Employer/employee relations refer to the communication that takes place between representatives of employees and employers. Much of the employee relations involve employees and employers working together. Indeed, part of the aim of the European Union’s social policy today is to create a system of shared responsibility of employers and employees for working practices, conditions and other areas of working life. This policy of shared responsibility is called co-determination.
Discussions between employers and employees typically cover the following areas:
- the work environment
- work schedules
- health and safety
- hours of work
- production targets.
The Advisory, Conciliation and Arbitration Service (Acas) was set up in 1974 to try and create more harmonious working relationships in this country. It negotiates in disputes between employers and employees as well as establishing codes of practice and principles for harmonious relationships. It has been tremendously successful in its work because today there are relatively few major employment relations disputes in this country. Where problems start to arise in a company, it is an easy process to consult with Acas to find ways of improving relationships. Because Acas has experience of dealing with so many workplaces it is able to suggest guidelines for harmonious relationships in nearly all situations.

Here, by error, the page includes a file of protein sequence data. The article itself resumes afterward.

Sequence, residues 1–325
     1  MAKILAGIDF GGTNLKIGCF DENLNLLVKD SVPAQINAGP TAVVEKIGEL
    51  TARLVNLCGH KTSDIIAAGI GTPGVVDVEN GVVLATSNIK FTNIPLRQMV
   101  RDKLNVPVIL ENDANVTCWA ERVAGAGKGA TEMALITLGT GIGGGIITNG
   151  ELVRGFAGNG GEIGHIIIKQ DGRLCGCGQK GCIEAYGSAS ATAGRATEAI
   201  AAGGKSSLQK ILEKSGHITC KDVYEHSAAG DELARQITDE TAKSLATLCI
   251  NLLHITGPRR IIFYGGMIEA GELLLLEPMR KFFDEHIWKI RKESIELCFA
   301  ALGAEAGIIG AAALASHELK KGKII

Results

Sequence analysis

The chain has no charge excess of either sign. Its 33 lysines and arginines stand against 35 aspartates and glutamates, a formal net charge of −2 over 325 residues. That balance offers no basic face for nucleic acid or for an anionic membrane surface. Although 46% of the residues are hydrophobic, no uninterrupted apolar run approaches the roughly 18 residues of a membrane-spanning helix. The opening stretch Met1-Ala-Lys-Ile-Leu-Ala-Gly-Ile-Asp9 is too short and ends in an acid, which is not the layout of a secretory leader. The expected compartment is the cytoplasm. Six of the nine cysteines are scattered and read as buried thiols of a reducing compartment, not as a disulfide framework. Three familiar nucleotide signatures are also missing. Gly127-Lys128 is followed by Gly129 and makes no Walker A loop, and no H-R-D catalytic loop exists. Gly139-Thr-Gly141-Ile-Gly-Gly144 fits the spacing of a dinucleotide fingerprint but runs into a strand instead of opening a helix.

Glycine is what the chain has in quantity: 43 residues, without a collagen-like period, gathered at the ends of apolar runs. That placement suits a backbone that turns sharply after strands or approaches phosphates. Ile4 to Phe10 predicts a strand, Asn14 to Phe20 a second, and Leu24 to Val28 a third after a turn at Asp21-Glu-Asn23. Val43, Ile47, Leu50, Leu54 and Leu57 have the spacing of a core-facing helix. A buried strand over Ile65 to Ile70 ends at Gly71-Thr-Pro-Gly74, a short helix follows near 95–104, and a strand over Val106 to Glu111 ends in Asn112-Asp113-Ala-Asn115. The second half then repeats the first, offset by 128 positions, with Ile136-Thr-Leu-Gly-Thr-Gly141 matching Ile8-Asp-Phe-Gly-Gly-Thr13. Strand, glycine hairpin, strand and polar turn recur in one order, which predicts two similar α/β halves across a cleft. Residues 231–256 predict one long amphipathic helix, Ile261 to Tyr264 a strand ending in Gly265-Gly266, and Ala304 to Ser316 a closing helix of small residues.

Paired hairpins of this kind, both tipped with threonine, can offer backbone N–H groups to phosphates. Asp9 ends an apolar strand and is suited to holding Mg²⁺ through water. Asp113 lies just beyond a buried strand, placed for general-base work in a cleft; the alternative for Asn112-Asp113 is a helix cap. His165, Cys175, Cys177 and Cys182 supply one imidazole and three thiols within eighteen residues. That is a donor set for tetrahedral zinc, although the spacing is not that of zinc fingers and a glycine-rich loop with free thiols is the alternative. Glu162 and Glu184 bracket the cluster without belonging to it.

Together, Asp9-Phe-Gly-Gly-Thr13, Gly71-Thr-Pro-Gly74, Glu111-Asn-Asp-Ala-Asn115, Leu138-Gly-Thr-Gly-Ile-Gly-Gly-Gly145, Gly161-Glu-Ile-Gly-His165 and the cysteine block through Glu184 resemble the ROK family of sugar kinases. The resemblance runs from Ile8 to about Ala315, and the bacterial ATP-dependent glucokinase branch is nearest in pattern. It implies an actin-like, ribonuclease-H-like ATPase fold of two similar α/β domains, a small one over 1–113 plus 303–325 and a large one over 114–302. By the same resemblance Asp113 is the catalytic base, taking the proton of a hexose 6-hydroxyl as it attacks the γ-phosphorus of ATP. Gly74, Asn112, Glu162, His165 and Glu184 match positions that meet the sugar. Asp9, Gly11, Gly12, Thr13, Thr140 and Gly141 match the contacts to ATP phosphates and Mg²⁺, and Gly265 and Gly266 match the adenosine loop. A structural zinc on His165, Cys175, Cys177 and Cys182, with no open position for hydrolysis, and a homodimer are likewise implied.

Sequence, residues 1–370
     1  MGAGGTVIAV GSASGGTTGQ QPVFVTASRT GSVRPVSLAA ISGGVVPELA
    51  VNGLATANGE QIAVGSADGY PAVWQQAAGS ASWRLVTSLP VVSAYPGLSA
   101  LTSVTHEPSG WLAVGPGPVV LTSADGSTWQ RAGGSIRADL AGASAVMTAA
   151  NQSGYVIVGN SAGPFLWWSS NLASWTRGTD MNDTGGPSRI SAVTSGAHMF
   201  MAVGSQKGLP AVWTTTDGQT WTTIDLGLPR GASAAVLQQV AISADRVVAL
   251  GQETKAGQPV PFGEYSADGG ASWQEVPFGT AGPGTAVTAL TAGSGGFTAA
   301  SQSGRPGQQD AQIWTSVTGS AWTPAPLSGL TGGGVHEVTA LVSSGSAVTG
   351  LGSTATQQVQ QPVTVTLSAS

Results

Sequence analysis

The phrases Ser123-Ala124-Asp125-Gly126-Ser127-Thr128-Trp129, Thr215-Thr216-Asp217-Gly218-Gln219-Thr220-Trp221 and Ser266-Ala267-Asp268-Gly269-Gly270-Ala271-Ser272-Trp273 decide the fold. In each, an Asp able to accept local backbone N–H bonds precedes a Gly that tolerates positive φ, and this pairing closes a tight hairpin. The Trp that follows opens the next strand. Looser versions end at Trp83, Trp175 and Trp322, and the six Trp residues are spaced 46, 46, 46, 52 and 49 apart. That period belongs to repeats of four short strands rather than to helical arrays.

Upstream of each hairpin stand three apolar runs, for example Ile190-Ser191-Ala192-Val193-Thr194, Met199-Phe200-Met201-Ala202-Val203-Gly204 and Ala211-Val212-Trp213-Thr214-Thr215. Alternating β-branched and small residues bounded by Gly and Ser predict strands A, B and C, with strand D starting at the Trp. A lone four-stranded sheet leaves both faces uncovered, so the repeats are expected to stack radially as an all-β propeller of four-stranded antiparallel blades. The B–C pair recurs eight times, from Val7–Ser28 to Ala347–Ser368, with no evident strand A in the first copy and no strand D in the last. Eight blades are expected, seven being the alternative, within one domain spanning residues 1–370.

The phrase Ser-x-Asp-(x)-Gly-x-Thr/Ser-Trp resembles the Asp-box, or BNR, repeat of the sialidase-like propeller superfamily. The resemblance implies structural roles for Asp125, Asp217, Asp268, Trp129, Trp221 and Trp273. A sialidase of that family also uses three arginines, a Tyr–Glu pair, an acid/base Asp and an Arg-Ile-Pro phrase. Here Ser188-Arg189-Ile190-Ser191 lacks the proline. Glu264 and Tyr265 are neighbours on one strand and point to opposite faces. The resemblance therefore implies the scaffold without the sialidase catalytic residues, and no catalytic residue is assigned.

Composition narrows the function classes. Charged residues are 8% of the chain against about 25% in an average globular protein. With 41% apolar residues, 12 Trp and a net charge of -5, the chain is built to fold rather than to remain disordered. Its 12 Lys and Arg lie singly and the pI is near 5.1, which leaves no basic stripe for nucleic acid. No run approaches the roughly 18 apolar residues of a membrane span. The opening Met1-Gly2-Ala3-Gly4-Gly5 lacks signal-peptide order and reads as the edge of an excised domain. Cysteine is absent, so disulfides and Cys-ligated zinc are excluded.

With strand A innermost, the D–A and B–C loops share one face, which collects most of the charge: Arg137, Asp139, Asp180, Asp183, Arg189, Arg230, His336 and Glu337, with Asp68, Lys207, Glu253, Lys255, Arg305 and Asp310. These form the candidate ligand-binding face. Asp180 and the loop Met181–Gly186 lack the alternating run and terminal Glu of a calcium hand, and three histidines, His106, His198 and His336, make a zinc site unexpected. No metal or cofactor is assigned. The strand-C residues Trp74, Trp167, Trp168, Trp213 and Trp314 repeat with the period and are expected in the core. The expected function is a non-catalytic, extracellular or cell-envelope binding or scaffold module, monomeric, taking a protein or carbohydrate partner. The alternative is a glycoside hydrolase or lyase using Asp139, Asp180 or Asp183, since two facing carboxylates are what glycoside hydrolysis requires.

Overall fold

Successful employer/employee relations involve striking a balance of interests. From the employer’s point of view, industrial relations is about having the right to manage – the ability to plan for the future so that a company can continue to be a success, to make profits for its shareholders and to keep its employees motivated. From the employee’s point of view, it is all about securing the best possible conditions and living standards for employees.
High labour turnover
Where employees are not happy with working conditions this frequently leads to high labour turnover, bad timekeeping, and high levels of absenteeism. It may also occur in the form of slackness by individuals, poor working, deliberate time wasting and similar practices. Other evidence of discontent will be revealed in complaints, friction, ignoring rules and apathy.
There are a number of forms of organised trade union action, including:
- withdrawal of goodwill
- a go slow
- working strictly to the rules set out in work rulebooks and sticking rigidly to only doing tasks set out clearly in a job description
- refusing to work overtime
- going on strike.
All of these actions are undesirable:
- they reduce company profitability, and its’ ability to fulfil orders
- they harm employment prospects, and reduce wages of employees
- they lead to festering discontent
- they cause problems for customers and the economy as a whole.
Thus it is very important to create harmonious workplaces for the benefit of all concerned. The work of Acas therefore is primarily concerned with outlining good practice and models of harmonious working practice.
A trade union is an organised group of employees who have joined together in an officially recognised organisation to further their common interests. These employees may have in common a skill, a trade, an industry, an employer or an occupation. Some unions (general unions) are made up of workers in several industries. Trade unions are formed, financed and run by their members.